“I met a traveller from an antique land,
Who said — “two vast and trunkless legs of stone
Stand in the desert … near them, on the sand,
Half sunk a shattered visage lies, whose frown,
And wrinkled lips, and sneer of cold command,
Tell that its sculptor well those passions read
Which yet survive, stamped on these lifeless things,
The hand that mocked them, and the heart that fed;
And on the pedestal these words appear:
My name is Ozymandias, King of Kings,
Look on my Works ye Mighty, and despair!
Nothing beside remains. Round the decay
Of that colossal Wreck, boundless and bare
The lone and level sands stretch far away.” —”—
More P. B. Shelley for you poetry lovers. “Ozymandias,” first published January 11, 1918, is here in its entirety. See our exhibition Shelley’s Ghost for more, including an original manuscript of this poem, which has never been exhibited in the United States before.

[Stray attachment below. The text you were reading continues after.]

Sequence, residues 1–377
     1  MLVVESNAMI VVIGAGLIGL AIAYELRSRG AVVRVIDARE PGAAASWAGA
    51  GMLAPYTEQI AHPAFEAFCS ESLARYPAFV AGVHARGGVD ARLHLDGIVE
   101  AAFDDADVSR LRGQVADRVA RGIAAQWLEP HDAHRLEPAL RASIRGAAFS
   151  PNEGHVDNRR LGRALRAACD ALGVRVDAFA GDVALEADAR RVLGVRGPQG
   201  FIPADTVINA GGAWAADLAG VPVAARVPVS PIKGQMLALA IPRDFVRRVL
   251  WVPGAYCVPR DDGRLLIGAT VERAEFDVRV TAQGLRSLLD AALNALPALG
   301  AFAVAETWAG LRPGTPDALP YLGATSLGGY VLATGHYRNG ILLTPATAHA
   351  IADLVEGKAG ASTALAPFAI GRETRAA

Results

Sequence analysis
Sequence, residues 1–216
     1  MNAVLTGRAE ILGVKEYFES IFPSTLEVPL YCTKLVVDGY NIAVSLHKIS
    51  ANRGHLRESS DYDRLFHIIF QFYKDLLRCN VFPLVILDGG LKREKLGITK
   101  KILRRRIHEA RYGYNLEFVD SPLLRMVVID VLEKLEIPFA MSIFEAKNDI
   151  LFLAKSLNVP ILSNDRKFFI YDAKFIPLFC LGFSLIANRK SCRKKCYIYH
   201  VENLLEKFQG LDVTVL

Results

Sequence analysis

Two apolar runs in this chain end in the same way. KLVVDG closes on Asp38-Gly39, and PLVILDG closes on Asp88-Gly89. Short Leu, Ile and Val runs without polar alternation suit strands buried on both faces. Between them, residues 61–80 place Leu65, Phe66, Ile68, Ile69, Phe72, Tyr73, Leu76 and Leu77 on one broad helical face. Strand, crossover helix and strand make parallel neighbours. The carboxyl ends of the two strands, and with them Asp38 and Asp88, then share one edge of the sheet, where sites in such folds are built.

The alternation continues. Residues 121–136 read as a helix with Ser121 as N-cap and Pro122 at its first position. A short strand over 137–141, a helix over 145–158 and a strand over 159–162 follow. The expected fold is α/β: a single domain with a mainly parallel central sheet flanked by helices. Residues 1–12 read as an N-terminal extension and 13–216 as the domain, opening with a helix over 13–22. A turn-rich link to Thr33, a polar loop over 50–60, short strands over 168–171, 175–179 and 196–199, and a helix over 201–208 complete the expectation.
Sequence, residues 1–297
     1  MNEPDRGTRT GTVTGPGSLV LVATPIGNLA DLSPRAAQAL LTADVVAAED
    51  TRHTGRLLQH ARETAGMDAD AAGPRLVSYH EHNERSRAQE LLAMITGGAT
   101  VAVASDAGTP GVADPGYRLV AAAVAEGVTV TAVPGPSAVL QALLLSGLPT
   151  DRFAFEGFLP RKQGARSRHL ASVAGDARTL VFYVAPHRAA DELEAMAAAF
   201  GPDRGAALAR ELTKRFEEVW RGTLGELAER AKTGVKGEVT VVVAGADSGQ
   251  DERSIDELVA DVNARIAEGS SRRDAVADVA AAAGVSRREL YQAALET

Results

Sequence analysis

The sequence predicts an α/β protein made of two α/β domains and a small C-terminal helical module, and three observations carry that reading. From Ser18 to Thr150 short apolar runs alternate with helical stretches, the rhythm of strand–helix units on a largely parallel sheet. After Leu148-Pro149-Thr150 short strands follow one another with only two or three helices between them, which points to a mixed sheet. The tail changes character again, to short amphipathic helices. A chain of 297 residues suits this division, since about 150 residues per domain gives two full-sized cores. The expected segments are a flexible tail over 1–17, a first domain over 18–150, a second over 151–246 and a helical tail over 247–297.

The greatest offense is usually simply that of reading the poem as though it were a poem, in a boomingly uniform incantation that obscures nuance and texture. Fortunately, there were few such performances on display on Tuesday night at the Cooper Union’s Great Hall, where the Poetry Society of America had organized a tribute to Philip Larkin, England’s greatest post-Second World War poet, to coincide with the publication of “Complete Poems,” a clear improvement on the earlier editions, which includes each of Larkin’s collections in their original order, along with a section of uncollected and previously unpublished work, and a staggeringly thorough commentary. Like the clientele of a hyper-exclusive café, the evening’s readers—James Fenton, Saskia Hamilton, Mary Karr, Nick Laird, Katha Pollitt, Paul Simon, and Zadie Smith among them—sat in threes around small tables up on stage and took turns approaching the lectern to read a Larkin poem of choice.
- Giles Harvey writes about the Philip Larkin tribute Tuesday night at Cooper Union. Above, listen to Andrew Sullivan’s reading of “The Whitsun Weddings”: http://nyr.kr/Ibzb5y